DRC: Project to Support Stabilization and Conflict Prevention in North Kivu
The aim of the Joint Programme was to improve security and stability in the Democratic Republic of the Congo's troubled province of North Kivu. The programme adopted a holistic and multi-sectoral approach to assist 70,000 returnees and victims of sexual violence to reintegrate into their communities and to equitably manage the natural resources that are at the heart of the conflict there – improving their ability to produce their own food, bring it to market and build their livelihoods.
The programme's originality lay in the fact that it tackled human and environmental security within a single programme, with an emphasis on the management of the natural resources. Women were at the centre of all phases of the programme, representing 50% of the participants.
The programme focused on:
- Achieving the sustainable social and economic integration into their communities of all kinds of returnees -- ex-combatants, displaced persons and refugees -- as well as women victims of sexual violence, and promoting the economic revitalization of communities.
- Boosting the capacity of communities to absorb returnees by increasing the coverage of basic social services to all residents, as a way to lower tensions and create a welcoming environment for returnees.
- Strengthening and /or creating dynamic community-based mechanisms for preventing and resolving conflicts.
Main achievements included:
- The establishment of three Community Protection committees and the organization of 13 campaigns to sensitize the Armed Forces and the Congolese National Police around civil protection. The civilian population in the three areas of intervention was also sensitized through the very successful use of community radio.
- The reintegration of 7,500 returnees, especially men and women ex-combatants, IDPs, women associated with armed forces and groups, and women victims of sexual violence. Direct support was given to 1250 heads of the most vulnerable households, with a priority given to female heads of households and mothers.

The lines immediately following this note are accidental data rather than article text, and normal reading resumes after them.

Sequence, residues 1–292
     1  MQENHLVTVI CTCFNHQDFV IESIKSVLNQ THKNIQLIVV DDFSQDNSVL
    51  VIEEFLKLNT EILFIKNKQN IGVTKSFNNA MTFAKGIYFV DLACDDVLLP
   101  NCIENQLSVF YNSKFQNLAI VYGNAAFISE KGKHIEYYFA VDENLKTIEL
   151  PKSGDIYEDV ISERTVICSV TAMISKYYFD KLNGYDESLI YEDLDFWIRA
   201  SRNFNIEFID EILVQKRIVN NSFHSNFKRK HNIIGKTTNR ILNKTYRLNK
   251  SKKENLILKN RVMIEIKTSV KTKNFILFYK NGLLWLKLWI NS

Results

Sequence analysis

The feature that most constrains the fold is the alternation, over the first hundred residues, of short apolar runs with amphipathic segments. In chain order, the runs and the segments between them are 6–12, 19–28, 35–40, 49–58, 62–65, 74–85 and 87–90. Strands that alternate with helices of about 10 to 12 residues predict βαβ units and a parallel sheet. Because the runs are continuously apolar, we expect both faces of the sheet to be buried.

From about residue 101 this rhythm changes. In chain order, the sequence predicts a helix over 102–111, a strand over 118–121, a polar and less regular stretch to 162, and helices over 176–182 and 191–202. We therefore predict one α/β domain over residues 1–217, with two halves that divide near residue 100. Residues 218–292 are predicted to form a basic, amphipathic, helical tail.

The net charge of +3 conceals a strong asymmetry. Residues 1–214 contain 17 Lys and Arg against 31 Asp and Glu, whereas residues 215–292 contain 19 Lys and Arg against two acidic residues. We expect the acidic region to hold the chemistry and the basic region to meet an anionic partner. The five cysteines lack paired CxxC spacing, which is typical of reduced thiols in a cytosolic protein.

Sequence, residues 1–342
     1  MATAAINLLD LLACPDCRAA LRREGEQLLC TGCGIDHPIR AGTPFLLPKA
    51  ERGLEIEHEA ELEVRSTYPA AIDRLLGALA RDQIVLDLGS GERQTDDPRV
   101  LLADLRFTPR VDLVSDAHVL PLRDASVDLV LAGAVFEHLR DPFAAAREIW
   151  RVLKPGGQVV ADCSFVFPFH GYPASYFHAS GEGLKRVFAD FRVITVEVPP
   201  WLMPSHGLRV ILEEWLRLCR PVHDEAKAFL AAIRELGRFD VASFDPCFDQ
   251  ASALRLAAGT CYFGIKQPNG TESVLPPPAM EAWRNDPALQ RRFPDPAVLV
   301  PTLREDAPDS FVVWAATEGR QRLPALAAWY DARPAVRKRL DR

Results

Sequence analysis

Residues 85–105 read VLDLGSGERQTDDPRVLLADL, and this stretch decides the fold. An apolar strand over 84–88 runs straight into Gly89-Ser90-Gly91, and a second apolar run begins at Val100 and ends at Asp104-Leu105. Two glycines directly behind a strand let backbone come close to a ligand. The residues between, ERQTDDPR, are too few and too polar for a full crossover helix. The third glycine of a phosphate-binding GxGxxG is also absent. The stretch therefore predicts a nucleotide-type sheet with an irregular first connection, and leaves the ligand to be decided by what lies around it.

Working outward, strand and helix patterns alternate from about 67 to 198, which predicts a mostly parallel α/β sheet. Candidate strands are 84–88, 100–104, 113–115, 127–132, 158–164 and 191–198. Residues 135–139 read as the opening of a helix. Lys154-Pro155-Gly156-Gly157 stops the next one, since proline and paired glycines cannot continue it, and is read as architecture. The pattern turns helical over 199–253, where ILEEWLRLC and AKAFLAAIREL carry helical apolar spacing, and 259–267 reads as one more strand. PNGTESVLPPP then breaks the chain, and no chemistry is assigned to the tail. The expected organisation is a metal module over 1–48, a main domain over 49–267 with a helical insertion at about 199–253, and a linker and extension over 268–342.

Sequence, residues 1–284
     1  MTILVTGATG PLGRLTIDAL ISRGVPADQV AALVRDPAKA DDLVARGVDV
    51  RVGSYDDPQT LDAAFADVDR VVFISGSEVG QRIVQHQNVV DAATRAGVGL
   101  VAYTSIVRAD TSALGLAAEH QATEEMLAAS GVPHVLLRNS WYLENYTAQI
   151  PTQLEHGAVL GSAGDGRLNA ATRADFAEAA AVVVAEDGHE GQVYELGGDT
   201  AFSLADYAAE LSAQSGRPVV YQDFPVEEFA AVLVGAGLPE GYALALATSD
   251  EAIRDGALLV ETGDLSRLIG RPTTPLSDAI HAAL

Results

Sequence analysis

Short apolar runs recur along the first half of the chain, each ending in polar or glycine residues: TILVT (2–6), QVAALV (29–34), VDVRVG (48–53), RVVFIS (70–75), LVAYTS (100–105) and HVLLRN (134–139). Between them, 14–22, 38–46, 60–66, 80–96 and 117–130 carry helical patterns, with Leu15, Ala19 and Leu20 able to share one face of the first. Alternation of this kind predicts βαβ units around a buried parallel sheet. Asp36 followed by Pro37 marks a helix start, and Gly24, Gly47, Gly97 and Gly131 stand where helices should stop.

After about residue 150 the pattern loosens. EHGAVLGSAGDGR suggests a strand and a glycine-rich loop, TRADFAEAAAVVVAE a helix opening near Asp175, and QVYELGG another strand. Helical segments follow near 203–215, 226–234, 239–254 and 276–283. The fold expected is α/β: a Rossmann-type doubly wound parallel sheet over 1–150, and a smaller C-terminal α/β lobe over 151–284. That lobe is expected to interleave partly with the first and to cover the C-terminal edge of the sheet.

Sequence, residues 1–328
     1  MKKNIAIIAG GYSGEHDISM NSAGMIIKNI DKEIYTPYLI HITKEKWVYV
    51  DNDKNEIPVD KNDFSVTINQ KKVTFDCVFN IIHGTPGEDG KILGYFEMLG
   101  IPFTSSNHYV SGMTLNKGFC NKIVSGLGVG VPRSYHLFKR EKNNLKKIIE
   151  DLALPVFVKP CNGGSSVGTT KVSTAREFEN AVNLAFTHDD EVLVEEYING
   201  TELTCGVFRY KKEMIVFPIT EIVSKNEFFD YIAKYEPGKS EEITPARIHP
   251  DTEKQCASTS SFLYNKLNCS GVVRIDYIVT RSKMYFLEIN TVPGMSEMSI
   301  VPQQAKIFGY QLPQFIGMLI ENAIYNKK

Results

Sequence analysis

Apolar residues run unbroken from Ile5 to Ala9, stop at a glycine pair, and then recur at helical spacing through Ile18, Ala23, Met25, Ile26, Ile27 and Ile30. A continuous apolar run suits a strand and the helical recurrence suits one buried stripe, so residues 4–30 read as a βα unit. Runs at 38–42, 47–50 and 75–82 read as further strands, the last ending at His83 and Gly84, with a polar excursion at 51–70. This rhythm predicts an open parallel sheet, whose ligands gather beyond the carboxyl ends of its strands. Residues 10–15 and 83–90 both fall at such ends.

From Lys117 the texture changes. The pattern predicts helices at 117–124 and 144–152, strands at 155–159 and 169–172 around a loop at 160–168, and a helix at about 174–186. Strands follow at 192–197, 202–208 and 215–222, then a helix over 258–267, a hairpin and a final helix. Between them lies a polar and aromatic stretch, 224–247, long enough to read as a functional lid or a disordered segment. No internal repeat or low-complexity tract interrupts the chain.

- The revitalization of local economies, affecting an estimated 100,000 people.
- Agricultural production was revived and enhanced to create economic alternatives to recruitment by militias of men and boys. Some 18,000 people benefited via direct support to 3,000 heads of households. The construction of markets assisted in the commercializing of agricultural production.
- The food crop and horticultural sectors were strengthened to benefit vulnerable populations, mostly women returnees. High quality technical support helped sharply increase productivity and facilitated the marketing of half of the produce. Farmers reinvested their profits but also used them to pay for school fees and medical expenses.
- Government health facilities were rehabilitated through the construction and equipping of health posts and centers and the training of health personnel.
- Public health was improved through the promotion of good hygiene habits and increased access to safe drinking water and sanitation (12 blocks of latrines and eight blocks of showers were built in health centers, and latrines were built in markets, schools and more than 3,500 households).
- Access to and quality of education was boosted through the construction and equipping of schools, training of teachers, principals and parents committees. Seven schools were built with six classrooms each, 56 school administrators were trained, and 2,800 student kits, 7 teaching kits and 7 recreational kits were distributed.